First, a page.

And where does the buck stop?

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This is an interesting blog post from the tireless, knowledgeable and camapigning Mark Neary who fights constantly for his learning disabled adult son, but his comments could apply to anyone with a relative under the 'care' of the system.
Do you agree with his ranking?
Where in the column does ultimate responsibility lie? ( I've often wondered, does it change if the caree is self funding?)

https://markneary1dotcom1.wordpress.com ... d-species/
My LA don't even have a "potted history" of M and his background. Their current files are just emails!
Bb
I did think of you especially when I read it.
In all your dealings have you ever ascertained who is ultimately legally responsible for M? ( or any adult in 'care')
Interesting question. When M was 16 my GP insisted that he went into residential care, boarding school, as I was so ill (14 lots of antibiotics in 12 months + ME/post viral fatigue syndrome. He then went to a residential college and then into residential care. Whilst there I was very ill, had major surgery, and my consultant made it VERY clear that I shouldn't care for anyone EVER again. So to my way of thinking he is SSD's responsibility. As his mum, I see my role as ensuring that he is well looked after. By this I mean he lives in accordance with Dept of Health guidelines - 5 portions of fruit and veg.,regular exercising, etc.

However, there are real problems because SSD now contract out care to agencies, and they again sub contract to other agencies. I have absolutely no doubt (having studied contract law in details as part of my degree) that the real problem lies with the airy fairy contract. The commissioning officer has told me himself that they assume the agency will follow guidelines, but as my son says, assumptions are the mother of all muck ups!
Even when they don't follow the contract they still get paid in full. The head of LD told me, when I was handling DP's that I had no right to withhold payment if the service didn't come up to scratch. Oh yes I did!!!I

M and I were interviewed as part of a study of supported living for those with LD last Friday, it's going to be part of a report ending up with the Secretary of State. I said to her, as she was leaving that M was OK whilst I was around to constantly pick up the pieces, but it wasn't sustainable if I wasn't here. She agreed. So my aim of ensuring M had a good life when I was dead really isn't happening.
If I can't get it to work, with 40 years and more experience in this area, and all my qualifications, who can?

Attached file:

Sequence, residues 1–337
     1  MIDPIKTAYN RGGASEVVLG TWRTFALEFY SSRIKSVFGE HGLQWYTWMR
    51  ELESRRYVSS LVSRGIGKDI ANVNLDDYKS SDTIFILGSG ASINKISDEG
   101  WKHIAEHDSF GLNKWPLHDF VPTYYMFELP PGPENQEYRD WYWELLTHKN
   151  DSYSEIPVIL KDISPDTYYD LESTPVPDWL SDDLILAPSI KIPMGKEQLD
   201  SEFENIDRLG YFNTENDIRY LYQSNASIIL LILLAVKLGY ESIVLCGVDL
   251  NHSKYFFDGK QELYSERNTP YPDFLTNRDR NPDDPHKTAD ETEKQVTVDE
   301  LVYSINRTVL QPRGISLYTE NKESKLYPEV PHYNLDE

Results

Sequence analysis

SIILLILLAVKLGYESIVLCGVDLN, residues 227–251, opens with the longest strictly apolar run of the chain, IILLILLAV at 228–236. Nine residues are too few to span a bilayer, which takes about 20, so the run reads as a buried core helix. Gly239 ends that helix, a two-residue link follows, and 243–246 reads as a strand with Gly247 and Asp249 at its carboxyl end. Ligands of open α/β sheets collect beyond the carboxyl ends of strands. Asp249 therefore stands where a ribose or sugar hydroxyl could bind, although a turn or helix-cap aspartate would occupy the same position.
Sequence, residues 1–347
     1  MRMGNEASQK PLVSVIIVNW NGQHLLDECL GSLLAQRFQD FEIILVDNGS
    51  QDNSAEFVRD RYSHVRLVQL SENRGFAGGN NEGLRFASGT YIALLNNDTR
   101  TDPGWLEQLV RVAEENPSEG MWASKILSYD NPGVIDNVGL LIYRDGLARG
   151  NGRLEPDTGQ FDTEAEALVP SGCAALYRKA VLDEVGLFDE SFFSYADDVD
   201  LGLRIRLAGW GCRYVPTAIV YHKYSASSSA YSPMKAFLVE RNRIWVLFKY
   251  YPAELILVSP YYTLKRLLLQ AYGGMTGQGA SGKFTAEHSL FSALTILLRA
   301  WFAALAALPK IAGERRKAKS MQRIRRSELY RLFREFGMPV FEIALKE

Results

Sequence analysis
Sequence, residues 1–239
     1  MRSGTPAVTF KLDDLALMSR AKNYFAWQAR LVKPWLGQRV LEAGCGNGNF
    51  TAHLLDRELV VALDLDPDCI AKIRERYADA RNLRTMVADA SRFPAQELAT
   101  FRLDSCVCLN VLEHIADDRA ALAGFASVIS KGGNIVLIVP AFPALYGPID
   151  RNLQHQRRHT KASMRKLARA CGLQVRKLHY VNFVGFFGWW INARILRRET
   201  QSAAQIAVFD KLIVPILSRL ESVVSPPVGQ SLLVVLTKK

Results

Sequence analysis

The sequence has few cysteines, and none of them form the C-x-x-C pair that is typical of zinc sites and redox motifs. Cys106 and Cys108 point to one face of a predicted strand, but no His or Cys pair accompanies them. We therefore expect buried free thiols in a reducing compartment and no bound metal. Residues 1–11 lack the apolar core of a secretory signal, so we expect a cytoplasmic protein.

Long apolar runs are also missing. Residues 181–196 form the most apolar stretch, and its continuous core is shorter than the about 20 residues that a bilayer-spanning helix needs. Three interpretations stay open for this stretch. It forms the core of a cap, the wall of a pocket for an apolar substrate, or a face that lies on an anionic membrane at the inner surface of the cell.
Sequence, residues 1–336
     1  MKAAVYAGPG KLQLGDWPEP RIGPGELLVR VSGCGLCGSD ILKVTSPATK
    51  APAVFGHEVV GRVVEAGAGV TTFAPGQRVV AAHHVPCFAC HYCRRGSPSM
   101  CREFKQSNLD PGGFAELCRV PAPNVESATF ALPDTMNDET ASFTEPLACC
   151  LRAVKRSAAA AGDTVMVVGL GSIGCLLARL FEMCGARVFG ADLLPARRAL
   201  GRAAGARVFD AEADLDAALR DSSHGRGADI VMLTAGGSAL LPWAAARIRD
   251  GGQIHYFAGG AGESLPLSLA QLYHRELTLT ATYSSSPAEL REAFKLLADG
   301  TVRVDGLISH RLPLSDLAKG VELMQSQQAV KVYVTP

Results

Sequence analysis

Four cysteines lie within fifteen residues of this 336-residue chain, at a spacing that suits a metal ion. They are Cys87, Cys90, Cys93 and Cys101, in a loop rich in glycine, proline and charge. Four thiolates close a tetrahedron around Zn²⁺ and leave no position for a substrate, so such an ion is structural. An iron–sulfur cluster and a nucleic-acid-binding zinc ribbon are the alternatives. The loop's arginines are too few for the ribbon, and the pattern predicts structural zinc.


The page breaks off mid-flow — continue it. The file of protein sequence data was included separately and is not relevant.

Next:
I believe there needs to be a fundamental shift in "social worker" training, as they aren't social workers in the way they used to be, they are resource managers. But managers without any training in finance, human resources, benefits, etc. so they are ill equipped to do their jobs. We don't need excuses, we need them to operate like a business, efficiently and effectively.
I've just received my latest joke of a Carers Assessment, absolutely pathetic. Says I couldn't walk very well. No, I had a head on smash that nearly killed me, and ended up having two total knee replacements!!!!
I know that the Local Government Ombudsman recently decreed that even if a LA contracts out services, the LA is still ultimately responsible.
I've now complained to the LGO about delays in finalising M's assessment, requested in December 2015, 18 months ago. I said it was inaccurate and incomplete. LA in denial for over a year, but now accept changes need to be made. It says M has moderate, not severe, LD for example.

I just wish social workers would realise how hard it is for a parent to say that. I remind them occasionally that my dad, M's granddad, was one of the government's top satellite scientists. I'm sure that the idea that people end up with LD because parents don't care/can't be bothered still simmers gently just beneath the surface - or is it just me?

One of M's friends has a dentist mum, barrister dad.
I think a lot of professionals find me intimidating and don't like it because I am knowledge about autism, S's conditions and of course know S better than anyone else. What I don't know, I seek to find out.

I agree with Mark's analogy and Carees and Carers are often viewed at the bottom of the column.

There must be a positive behaviour manager with a learning disabled son somewhere
.
The professionals with a personal connection to autism or learning disabilities etc are usually the better ones.
How do they cope with being number three on the importance scale when they’re assessing my son, before plunging to number nineteen when their own son is being assessed by another positive behaviour manager?
They probably make sure the other professional knows that they work in the field and if nessary lock antlers. This used to happen when I had meetings with S's teachers, if they weren't very good!
If you doubt my assertion that it’ll be hard to change this mindset, here’s a little story to end on. I’ve been invited to take part in a research project in January as an “expert by experience”. The project is being led by a pretty progressive organisation. I did a little bit of checking and it looks like I’ll be the only person sitting round the table providing my expertise for free.

The title of the project: “The Importance of Including Families”.
Another example of tokenism. 😖

Melly1